How is aerial photography used in Minnesota?

Natural color photo examples

This webpage provides examples of uses of natural color aerial imagery taken in Minnesota.

Click on any photo below to see a larger image.


Feature location

Mapping gravel pits and water towers

ECRDC gravel pit exampleECRDC water tower exampleThrough photo interpretation, the East Central Regional Development Commission used NAIP photos to locate gravel pits and neighboring homes for use in comprehensive planning and water towers for use in hazard mitigation planning. The photos saved the one-person staff a tremendous amount of time and travel.

 


Reference

Creating public information websites

Chisago Co. website exampleChisago County's mapping website presents a wealth of data online to the public. People can view numerous data themes and can choose a backdrop of either the NAIP photos or a topographic map. The photos provide a real-life view of the landscape that helps to put the other data, such as parcel boundaries, into context.

 

Displaying water well information

County well index website exampleThe County Well Index Online website lets the public find out more information about water wells in their area of interest. Website users can display water wells on a background of either NAIP photos, a topographic map or a shaded relief map, helping them visually identify well locations. They can use the map or a form to search the well log database for details about well construction and geology. The site was created by the Minnesota Department of Health (MDH) and serves data maintained both by MDH and the Minnesota Geological Survey.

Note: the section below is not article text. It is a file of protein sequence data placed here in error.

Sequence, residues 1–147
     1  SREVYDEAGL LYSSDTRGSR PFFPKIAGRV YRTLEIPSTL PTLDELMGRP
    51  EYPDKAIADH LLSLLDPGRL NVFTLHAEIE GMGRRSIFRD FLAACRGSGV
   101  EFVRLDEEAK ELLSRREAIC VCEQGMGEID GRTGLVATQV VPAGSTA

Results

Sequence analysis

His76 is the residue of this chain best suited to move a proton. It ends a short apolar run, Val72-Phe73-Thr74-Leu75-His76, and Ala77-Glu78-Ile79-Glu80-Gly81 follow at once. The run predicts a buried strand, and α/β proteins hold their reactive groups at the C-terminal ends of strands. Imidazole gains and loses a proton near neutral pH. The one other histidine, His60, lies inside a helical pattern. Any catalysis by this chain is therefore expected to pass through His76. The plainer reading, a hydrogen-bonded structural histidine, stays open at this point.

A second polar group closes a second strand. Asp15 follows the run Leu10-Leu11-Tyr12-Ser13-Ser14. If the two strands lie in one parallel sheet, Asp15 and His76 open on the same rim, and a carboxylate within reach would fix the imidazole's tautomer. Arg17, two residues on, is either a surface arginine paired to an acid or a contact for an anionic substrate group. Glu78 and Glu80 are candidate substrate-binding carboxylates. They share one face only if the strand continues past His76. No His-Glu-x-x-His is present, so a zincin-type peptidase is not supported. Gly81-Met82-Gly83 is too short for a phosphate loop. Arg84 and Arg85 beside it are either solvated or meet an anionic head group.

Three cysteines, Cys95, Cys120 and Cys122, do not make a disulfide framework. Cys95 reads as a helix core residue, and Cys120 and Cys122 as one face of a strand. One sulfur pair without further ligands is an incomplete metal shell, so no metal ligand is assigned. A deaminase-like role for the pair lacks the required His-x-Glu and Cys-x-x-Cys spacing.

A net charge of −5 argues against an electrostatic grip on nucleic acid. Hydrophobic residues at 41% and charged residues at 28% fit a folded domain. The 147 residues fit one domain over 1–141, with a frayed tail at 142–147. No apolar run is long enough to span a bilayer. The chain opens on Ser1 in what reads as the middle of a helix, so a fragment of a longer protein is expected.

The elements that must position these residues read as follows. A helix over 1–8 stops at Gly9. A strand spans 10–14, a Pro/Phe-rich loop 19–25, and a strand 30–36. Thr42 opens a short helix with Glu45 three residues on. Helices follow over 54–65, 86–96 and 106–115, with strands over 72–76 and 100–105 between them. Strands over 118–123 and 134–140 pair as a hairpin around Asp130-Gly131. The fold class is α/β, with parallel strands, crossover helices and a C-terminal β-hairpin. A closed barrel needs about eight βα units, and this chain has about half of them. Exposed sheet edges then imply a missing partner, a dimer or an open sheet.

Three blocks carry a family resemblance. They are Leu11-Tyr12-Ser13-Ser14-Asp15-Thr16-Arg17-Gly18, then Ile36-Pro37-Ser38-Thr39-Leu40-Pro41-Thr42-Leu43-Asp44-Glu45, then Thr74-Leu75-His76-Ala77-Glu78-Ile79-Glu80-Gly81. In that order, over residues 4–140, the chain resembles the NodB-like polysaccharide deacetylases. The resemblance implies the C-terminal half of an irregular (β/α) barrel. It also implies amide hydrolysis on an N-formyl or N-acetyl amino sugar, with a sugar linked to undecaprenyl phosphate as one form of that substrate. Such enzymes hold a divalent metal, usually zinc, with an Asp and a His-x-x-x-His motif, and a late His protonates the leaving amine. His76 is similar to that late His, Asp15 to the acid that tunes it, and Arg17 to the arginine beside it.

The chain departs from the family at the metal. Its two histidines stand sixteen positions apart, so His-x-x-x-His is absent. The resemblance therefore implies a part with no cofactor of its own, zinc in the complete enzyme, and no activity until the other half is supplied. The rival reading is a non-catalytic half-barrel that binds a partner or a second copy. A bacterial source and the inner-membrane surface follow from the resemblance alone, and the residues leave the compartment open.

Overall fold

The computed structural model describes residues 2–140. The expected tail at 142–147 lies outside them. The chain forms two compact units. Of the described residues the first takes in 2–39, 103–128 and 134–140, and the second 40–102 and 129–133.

Displaying agricultural chemical spill investigation information

Agricultural chemical spill website exampleThe What's in My Neighborhood - Agricultural Interactive Mapping website from the Minnesota Department of Agriculture provides information about agricultural chemical spills that the department tracks. The website shows boundaries for the approximate extent of large spills and shows points representing the approximate locations of small spills and of old emergency sites; users can choose to display NAIP photos in the background to provide context for the boundaries and points. The website provides additional information about the accuracy of the locations as well as further details about both ongoing and completed investigations.

 


Inventory

Surveying animal populations

Simulated deer surveyWildlife biologists with the Minnesota Department of Natural Resources use NAIP photos during their aerial surveys of populations of free-ranging animals such as deer, moose, swan, ring-necked duck and bald eagles. DNR developed software to integrate GPS and wildlife observation data in real time displayed on top of the air photos, significantly reducing the time and money it takes to conduct a survey and manage the resulting data. For more details, see an article in the Minnesota GIS/LIS Newsletter, Spring 2006.
 

Combating West Nile virus and encephalitis

West Nile virus exampleThe Metropolitan Mosquito Control District uses NAIP photos to plan treatments to control mosquitoes, including those that may carry West Nile virus and LaCrosse encephalitis. Field staff locate wetlands and plan inspections of yards, parks and woods to find containers and tree holes that could harbor mosquito larvae; they then also use the photo as a guide when treating (handy when you're in the middle of a swamp!). Helicopter pilots use the photos to plan wetland treatment flights. Having recent photos also enables MMCD to update their maps to show wetlands in new developments and newly created retention ponds.


 

Monitoring oak wilt